Saturday, February 27, 2010

Make Space: Installation/Open House at La Reunion TX 2010

Brad Ford Smith
It was a beautiful blue sky, puffy cloud day, perfect for the Make Space: installation event at La Reunion TX. I got up there early to do a few finishing bits to my sculpture and clean up around the site. Then I spent the rest of the day talking to people, petting dogs, and enjoying the sun shine.

Below are photos of some of the sculptures made by the other artists for this years event. If the names are high lighted they link to the artist's web site.

David Blood and Oliver Bradley

Scott Horn

Unfortunately I did not get a photo of Sandra Groomer's installation, but there should be some posted at the La Reunion TX site soon.

Friday, February 26, 2010

Privet Sculpture Project Construction Day 3

All the arches are in place, 12 in all, spanning 40 feet. Sadly, the photographs really don't capture it very well at all.

I'll be out there early on Saturday, Open House 2-4 to add a few elements around the main arch.

These are the flying buttresses that were added for stability. The privet when freshly cut is very bendable. Only a few branches broke during construction. As the wood dries is becomes harder and more apt to brake and split. Over all the structure is very stable. I am expecting the wood to weather very well over it's year long existence. The bailing wire might be an issue with rust, so I'll beef that up on Saturday.

Wednesday, February 24, 2010

Privet Sculpture Project Construction Day 2

Despite the cold and rain, things are progressing. 4 1/2 of the 7 arches are in place. They need to be tweaked and fattened up a bit. I am also adding some side arches at the gate opening for stability.

The bundles are tied together with bailing wire, which was donated to the project by Susan Giller, an artist that is known to create strange bunny people with wire.

Privet does not have stickers in the normal definition of the word. What it has are numerous pointy bits along the branches that are the stubs of old dead twigs. These twigs can be very sharp.

Tuesday, February 23, 2010

A few days working at SculptCAD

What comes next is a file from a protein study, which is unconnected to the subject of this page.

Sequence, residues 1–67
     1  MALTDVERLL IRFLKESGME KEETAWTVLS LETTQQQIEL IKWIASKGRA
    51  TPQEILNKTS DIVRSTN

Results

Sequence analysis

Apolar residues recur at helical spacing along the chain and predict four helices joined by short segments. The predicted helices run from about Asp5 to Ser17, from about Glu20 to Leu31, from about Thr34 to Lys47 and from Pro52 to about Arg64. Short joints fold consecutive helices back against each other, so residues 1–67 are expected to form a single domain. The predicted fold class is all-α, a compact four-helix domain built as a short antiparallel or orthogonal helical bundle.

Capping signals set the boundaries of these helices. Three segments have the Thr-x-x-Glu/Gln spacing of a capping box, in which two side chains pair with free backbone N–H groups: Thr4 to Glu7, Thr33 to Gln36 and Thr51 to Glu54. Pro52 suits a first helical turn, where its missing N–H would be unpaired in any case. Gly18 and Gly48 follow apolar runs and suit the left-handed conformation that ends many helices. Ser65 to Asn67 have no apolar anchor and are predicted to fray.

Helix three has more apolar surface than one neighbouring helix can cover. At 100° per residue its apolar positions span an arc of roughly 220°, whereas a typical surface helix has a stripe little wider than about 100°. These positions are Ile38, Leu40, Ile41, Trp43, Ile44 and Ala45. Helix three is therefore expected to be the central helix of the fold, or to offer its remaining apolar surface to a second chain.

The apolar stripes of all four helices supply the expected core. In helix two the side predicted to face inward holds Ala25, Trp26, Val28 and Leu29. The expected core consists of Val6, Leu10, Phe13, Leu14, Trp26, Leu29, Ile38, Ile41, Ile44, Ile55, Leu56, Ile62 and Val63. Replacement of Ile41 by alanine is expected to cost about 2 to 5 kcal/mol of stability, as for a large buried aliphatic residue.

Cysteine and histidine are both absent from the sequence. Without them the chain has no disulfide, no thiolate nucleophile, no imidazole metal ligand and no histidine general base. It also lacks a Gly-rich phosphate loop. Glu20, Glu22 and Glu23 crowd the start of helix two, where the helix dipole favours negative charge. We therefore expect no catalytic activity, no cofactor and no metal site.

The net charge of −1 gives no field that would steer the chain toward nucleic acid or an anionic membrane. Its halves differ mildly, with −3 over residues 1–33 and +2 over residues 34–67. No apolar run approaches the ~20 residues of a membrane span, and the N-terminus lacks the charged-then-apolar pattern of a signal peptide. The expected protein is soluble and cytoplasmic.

I have been working with the Free Form program for a couple of days now, mostly focusing on making the duck that is part of the tutorial, but I have learned enough to generate this first 3 D model of my sculpture "Chicken Neck Johnson" for the SculptCAD Rapid Artists project. It still needs a lot of work before it is ready to be put through the 3 D printer.

Monday, February 22, 2010

At the End of the First Day of Construction on the Privet Sculpture Project

At the end of the first day of construction I learned that not all privet can be used the same. If the branch has any elbows it won't bend smoothly. The long shoots that grow straight up in one season are ideal for the ridged bundled arches that the PSP requires.

First Stake in the Ground for the Privet Sculpture Project

The structure will be staked to the ground using thick privet branches. It will be interesting to see what condition they are in after a year in the dirt. The dirt at this location is on about 10" deep then you hit lime stone, which is the reason this area is called Chalk Hill. The photo also shows some of the long privet branches that have been harvested to create the arched structure.

Sunday, February 21, 2010

Location for the Privet Sculpture Project

The opening for Make Space: Installation at La Reunion TX is this Saturday, Feb. 27th. With all the rain and snow it has been hard for any of the artists to get out there, but I do have my sculpture sited now, and I have started the framing out of the structure. Above is the concept drawing superimposed at the site.

There has been some interesting issues around using privet as a building material, I'll blog about that later. Right now I need to get into my muddy boots and rain coat, pack up the truck and head out to La Reunion TX.

Saturday, February 20, 2010

The Beam Plank & Flitch proposal for the Henderson Art Project

This is one of three Urban Timber Sculptures that Beam Plank And Flitch submitted to the Henderson Art Project. We focused on a minimalist approach that strikes a balance between the natural form and texture of the tree trunks and a graphic subtractive sculpture.

Thursday, February 18, 2010

Privet, Basic Structure and Seed Distribution

The structure and seed zones of privet

Privet growing in the wild sends out branches from a central root ball. It has corresponding small branches that sprout along the main branch. As the main branch grows longer it bends, making an arch. The small branches on the top of the arch grow towards the sun light while the branches on the underside dry up and snap off, leaving rows of small stubs. These stubs are reinforced over the seasons to form a thorn like defense. This pattern of the branch arching, growing and branching out repeats every season resulting in the main branch becoming a series of arches that can extend over 10 feet in length (as observed at La Reunion TX).

With each season, new branches sprout from the root ball and grow straight up, using the older branches as support. Once they have cleared the leafy privet canapé, the small side branches begin. The seeds and new leaves will only form on new growth. The long clusters of hard round seeds tend to be located on the farthest tips of the branches where they can be seen by animals and whipped about in the wind.